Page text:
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13 - Victims’ rights and reparation

Ilias Bantekas
Affiliation:
Brunel University
Lutz Oette
Affiliation:
School of Oriental and African Studies, University of London
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Summary

Introduction

International human rights law has for a long time focused primarily on standard-setting and the establishment of institutions tasked with promoting human rights and monitoring states’ compliance with their obligations. Limited attention was paid to victims as rights-holders and to the availability of effective remedies for the vindication of rights. Yet, slowly, conceptual shifts and practices, beginning at the national level, changed prevailing perceptions of victims as largely passive beneficiaries, resulting in growing calls for victims to play a more active role, particularly in the criminal justice process. The exclusion of victims and their lack of opportunity to participate effectively in proceedings that affect their rights were increasingly seen as an anomaly, raising the fundamental question of whose interests a justice system is supposed to serve. This is reflected in the work of scholars and practitioners in the field of victimology and renewed interest in restorative justice.

This change in thinking gained international currency initially with the 1984 UNGA Declaration of Basic Principles of Justice for Victims of Crime and Abuse of Power (hereinafter Victims’ Declaration) and more than twenty years later culminated in the Basic Principles and Guidelines on the Right to a Remedy and Reparation for Victims of Gross Violations of International Human Rights Law and Serious Violations of International Humanitarian Law (hereinafter Basic Principles). The impetus for victims’ rights owes a lot to the increasing availability of regional and international complaints procedures. The growing recourse to these procedures has enabled, if not compelled, regional and international human rights treaty bodies to develop their jurisprudence and, to varying degrees, strengthen victims’ rights in the process. More recently, the establishment of international(ised) criminal tribunals, in particular the ICC, has led to a keener appreciation of victims’ rights, including the right to protection and the right to participation.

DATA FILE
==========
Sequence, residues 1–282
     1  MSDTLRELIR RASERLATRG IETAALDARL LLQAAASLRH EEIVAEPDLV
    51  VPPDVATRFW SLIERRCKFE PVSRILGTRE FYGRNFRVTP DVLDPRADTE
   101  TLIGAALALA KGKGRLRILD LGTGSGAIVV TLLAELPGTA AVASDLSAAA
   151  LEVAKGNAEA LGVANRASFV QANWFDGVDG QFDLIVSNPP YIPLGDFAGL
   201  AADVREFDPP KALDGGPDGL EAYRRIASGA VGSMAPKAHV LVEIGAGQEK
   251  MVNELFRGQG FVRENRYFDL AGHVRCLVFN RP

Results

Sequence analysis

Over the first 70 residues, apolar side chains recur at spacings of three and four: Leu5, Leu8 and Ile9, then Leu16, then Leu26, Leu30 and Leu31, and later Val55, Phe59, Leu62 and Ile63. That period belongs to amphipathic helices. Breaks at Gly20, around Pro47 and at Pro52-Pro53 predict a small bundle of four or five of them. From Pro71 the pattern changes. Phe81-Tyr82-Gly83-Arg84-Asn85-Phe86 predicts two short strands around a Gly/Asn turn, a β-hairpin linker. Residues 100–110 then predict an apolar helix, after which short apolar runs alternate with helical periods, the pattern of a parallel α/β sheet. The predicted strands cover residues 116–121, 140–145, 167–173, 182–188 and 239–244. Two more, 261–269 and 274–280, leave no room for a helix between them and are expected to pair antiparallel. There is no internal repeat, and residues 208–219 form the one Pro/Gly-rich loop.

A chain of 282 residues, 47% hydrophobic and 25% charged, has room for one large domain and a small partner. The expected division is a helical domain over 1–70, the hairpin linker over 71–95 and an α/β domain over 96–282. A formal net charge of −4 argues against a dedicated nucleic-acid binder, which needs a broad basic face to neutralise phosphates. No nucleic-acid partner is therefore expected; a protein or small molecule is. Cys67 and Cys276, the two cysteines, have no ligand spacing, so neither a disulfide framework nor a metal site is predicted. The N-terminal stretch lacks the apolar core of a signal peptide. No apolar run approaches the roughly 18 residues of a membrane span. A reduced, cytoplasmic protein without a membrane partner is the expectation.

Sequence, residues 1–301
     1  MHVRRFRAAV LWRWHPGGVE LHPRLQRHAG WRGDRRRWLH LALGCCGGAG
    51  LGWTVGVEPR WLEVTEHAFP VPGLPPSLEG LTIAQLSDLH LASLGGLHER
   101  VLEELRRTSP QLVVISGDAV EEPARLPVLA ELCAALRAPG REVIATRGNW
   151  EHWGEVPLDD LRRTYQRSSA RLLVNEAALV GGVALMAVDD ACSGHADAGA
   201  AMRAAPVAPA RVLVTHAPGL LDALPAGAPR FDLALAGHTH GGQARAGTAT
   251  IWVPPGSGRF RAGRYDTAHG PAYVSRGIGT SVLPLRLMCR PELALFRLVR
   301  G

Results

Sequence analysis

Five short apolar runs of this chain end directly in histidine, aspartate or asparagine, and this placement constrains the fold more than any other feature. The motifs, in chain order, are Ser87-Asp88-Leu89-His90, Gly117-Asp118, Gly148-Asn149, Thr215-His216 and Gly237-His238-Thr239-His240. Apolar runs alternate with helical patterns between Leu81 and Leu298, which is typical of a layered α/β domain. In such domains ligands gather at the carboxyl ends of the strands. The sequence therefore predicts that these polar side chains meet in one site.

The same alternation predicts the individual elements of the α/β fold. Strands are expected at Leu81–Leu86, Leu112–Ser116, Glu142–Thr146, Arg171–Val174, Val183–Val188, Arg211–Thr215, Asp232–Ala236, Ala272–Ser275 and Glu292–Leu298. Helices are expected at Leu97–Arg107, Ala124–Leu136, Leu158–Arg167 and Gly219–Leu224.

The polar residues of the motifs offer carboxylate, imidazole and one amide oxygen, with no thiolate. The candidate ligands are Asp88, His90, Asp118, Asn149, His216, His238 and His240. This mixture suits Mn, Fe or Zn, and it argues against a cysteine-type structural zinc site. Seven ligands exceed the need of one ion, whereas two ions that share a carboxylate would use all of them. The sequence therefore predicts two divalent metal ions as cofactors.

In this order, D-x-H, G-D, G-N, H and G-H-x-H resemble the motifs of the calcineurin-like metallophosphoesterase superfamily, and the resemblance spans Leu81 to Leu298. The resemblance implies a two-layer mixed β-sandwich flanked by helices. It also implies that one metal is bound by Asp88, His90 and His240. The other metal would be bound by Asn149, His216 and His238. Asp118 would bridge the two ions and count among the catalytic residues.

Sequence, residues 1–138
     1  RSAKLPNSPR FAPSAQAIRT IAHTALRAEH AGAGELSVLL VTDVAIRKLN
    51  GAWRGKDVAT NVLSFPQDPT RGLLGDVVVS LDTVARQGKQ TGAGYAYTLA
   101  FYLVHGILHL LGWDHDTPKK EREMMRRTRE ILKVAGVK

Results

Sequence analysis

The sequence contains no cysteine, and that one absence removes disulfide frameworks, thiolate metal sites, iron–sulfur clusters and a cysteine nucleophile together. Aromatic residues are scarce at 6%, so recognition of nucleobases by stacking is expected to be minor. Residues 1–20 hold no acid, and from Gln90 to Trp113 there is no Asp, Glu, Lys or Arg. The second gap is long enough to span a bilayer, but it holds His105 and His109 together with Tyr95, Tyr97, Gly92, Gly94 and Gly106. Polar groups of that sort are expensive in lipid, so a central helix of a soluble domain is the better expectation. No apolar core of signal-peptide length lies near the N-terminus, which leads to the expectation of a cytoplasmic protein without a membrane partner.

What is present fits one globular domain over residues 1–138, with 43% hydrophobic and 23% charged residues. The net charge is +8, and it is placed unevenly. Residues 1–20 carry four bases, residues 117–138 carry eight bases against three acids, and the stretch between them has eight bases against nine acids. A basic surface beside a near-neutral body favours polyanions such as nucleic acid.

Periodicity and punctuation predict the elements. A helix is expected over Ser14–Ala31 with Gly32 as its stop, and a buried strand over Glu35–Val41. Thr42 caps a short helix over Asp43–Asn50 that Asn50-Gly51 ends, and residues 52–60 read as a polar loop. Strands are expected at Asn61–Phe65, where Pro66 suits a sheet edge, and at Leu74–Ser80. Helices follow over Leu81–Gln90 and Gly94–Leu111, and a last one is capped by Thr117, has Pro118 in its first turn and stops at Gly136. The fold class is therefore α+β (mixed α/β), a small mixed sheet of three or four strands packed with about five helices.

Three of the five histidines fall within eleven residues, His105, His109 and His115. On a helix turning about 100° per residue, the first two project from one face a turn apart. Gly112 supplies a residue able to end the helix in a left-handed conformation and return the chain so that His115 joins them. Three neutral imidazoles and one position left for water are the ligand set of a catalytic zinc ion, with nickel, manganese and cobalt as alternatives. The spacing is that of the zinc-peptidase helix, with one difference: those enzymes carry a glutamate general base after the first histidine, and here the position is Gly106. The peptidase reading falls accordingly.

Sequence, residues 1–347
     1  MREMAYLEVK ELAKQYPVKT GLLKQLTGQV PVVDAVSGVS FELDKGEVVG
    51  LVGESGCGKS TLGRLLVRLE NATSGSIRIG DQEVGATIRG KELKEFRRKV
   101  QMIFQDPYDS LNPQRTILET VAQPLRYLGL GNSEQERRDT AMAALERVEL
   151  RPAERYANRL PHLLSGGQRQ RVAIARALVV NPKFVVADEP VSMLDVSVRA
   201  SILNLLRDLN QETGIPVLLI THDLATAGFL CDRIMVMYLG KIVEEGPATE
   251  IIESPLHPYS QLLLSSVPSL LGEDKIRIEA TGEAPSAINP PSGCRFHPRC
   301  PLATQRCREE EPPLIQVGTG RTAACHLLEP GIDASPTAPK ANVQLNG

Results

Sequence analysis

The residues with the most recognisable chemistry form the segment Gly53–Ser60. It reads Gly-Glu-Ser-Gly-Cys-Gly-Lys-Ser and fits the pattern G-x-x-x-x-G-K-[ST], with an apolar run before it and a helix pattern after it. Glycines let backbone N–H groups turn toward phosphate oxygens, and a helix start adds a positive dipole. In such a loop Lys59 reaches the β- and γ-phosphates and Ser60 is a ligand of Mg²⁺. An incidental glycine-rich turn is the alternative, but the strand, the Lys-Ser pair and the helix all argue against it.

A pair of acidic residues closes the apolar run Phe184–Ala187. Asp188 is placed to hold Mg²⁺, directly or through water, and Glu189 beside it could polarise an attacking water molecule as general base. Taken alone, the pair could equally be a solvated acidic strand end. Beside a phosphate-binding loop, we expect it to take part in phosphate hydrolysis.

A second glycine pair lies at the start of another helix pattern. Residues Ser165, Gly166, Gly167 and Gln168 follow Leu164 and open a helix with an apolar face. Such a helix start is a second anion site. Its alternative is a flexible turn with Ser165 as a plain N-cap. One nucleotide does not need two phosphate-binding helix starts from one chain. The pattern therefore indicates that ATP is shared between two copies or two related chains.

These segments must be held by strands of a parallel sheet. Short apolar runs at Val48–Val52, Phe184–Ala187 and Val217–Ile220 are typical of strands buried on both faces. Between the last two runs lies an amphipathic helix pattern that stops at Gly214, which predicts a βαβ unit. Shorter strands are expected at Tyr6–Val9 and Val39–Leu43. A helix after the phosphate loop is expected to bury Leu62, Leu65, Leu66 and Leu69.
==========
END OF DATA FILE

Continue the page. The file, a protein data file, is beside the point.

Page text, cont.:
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Publisher: Cambridge University Press
Print publication year: 2013

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  • Victims’ rights and reparation
  • Ilias Bantekas, Brunel University, Lutz Oette, School of Oriental and African Studies, University of London
  • Book: International Human Rights Law and Practice
  • Online publication: 05 April 2013
  • Chapter DOI: https://doi.org/10.1017/CBO9781139048088.014
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  • Victims’ rights and reparation
  • Ilias Bantekas, Brunel University, Lutz Oette, School of Oriental and African Studies, University of London
  • Book: International Human Rights Law and Practice
  • Online publication: 05 April 2013
  • Chapter DOI: https://doi.org/10.1017/CBO9781139048088.014
Available formats
×

Send book to Google Drive

To send content items to your account, please confirm that you agree to abide by our usage policies. If this is the first time you use this feature, you will be asked to authorise Cambridge Core to connect with your account. Find out more about sending content to Google Drive.

  • Victims’ rights and reparation
  • Ilias Bantekas, Brunel University, Lutz Oette, School of Oriental and African Studies, University of London
  • Book: International Human Rights Law and Practice
  • Online publication: 05 April 2013
  • Chapter DOI: https://doi.org/10.1017/CBO9781139048088.014
Available formats
×